Ross was encouraged from day one in basic. She expressed an interest in being an MTI to her leadership in Germany. The Developmental Special Duty listing came out, and that opportunity came.
"I was comfortable and enjoying Germany, but I thought twice about it and did not want to have the regret of not taking this opportunity,” she said. Since then, it has been the best job she has ever had.
Stringfield joined the Air Force right after the time in 2009 of the BMT scandal of 43 female trainees allegedly victimized by their instructors during and after basic military training (Air& Space Forces Magazine: https://www.airandspaceforces.com/magazine/almanac/). Her MTI was respectful, ensured people followed the rules, and was very professional. From that moment, she was inspired to return and be an MTI in 2019.
She submitted her package, and they declined her, but in 2020 she decided not to resubmit but instead go for an Airman Leadership School or Military Trainer Leader Instructor. She was newly married, a new parent of a young child and about to have her second child. The good news came in that she was selected to be an MTI. Becoming an MTI has been her top job in her career.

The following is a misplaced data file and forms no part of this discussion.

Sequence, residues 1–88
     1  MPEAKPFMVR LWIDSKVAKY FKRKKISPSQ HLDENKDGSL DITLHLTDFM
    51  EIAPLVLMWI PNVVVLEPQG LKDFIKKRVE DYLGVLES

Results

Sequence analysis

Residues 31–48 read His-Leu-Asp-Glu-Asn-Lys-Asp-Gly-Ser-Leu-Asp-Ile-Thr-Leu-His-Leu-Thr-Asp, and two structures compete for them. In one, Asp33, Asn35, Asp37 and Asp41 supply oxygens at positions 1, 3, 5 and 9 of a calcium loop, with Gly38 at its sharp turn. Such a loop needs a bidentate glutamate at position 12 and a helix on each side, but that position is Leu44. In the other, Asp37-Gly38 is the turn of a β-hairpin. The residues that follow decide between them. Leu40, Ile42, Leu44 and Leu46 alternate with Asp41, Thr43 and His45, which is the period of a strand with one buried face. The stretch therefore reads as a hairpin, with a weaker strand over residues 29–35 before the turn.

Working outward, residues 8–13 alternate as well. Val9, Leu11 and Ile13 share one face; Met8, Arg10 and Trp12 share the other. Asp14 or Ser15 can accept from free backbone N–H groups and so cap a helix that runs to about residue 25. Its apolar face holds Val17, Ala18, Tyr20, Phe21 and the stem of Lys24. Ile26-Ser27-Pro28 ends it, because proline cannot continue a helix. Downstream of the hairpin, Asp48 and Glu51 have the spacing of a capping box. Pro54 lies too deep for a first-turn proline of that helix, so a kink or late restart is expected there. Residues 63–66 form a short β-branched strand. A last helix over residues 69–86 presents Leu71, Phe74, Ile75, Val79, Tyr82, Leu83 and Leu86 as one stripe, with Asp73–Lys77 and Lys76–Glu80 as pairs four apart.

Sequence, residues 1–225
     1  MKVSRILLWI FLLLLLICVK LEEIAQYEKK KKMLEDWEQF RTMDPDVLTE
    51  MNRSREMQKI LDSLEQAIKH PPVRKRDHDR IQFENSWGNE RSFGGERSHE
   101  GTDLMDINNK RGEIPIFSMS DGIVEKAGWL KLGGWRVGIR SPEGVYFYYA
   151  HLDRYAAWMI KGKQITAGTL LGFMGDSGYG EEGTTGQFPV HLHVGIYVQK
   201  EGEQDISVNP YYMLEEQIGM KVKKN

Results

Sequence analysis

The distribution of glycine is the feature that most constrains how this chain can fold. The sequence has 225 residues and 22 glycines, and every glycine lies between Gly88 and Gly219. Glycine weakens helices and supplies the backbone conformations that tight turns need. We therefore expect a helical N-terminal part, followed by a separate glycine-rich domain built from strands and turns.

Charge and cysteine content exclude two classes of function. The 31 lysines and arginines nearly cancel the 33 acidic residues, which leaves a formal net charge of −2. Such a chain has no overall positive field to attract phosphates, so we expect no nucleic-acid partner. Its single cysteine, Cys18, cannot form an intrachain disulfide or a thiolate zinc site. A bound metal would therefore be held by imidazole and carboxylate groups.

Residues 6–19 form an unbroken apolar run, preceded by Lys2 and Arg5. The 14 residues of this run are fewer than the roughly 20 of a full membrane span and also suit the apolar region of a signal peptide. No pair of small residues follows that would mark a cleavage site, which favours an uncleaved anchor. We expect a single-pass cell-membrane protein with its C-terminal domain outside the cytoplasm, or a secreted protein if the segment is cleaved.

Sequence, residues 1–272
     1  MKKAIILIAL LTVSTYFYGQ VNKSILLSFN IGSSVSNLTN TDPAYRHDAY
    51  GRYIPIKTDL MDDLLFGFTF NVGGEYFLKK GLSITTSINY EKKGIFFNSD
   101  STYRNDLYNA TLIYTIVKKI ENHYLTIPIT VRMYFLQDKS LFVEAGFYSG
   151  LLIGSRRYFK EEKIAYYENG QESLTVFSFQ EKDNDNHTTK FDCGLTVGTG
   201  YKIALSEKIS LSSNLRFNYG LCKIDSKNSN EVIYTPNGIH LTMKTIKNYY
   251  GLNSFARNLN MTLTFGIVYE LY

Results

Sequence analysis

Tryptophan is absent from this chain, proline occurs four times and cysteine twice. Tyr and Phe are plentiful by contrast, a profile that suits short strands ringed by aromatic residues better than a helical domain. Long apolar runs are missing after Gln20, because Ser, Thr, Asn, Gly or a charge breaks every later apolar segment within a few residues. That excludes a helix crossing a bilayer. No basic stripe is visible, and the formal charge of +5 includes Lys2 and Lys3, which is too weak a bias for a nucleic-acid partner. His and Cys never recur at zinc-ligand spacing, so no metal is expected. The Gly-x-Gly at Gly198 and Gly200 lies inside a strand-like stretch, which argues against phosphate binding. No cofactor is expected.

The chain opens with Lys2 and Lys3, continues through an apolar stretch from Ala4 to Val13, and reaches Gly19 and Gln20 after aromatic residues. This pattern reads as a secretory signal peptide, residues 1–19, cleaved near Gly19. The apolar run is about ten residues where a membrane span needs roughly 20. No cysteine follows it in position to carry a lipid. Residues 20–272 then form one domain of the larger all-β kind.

"My growth as an individual and career skills and abilities have become astronomical," Stringfield added.
Martin wanted to be a first sergeant, but she did not have the rank to become one at the time. In 2017, she wanted to cross over and become an officer.
Thinking about her choice she changed her mind because she was only doing it for a pay increase. She wanted to inspire and mentor as many people as possible before transitioning out like she was inspired. She accepted the opportunity to be an MTI because her influence would be more impactful to young Airmen just joining.